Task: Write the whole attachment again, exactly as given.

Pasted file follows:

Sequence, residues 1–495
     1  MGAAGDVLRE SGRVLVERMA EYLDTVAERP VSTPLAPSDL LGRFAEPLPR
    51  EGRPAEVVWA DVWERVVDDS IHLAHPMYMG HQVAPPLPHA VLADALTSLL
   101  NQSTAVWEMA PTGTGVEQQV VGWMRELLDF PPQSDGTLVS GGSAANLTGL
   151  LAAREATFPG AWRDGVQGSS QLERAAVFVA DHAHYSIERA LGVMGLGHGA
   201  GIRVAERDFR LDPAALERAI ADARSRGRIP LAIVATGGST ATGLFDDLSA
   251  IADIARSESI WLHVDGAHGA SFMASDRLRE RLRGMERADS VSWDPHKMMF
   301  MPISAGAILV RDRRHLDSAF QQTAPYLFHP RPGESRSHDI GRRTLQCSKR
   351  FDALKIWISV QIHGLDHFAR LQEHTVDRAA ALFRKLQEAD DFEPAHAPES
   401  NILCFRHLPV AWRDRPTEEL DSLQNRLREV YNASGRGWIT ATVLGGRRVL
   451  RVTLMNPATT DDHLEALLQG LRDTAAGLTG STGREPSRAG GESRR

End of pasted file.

Sequence, residues 1–495
     1  MGAAGDVLRE SGRVLVERMA EYLDTVAERP VSTPLAPSDL LGRFAEPLPR
    51  EGRPAEVVWA DVWERVVDDS IHLAHPMYMG HQVAPPLPHA VLADALTSLL
   101  NQSTAVWEMA PTGTGVEQQV VGWMRELLDF PPQSDGTLVS GGSAANLTGL
   151  LAAREATFPG AWRDGVQGSS QLERAAVFVA DHAHYSIERA LGVMGLGHGA
   201  GIRVAERDFR LDPAALERAI ADARSRGRIP LAIVATGGST ATGLFDDLSA
   251  IADIARSESI WLHVDGAHGA SFMASDRLRE RLRGMERADS VSWDPHKMMF
   301  MPISAGAILV RDRRHLDSAF QQTAPYLFHP RPGESRSHDI GRRTLQCSKR
   351  FDALKIWISV QIHGLDHFAR LQEHTVDRAA ALFRKLQEAD DFEPAHAPES
   401  NILCFRHLPV AWRDRPTEEL DSLQNRLREV YNASGRGWIT ATVLGGRRVL
   451  RVTLMNPATT DDHLEALLQG LRDTAAGLTG STGREPSRAG GESRR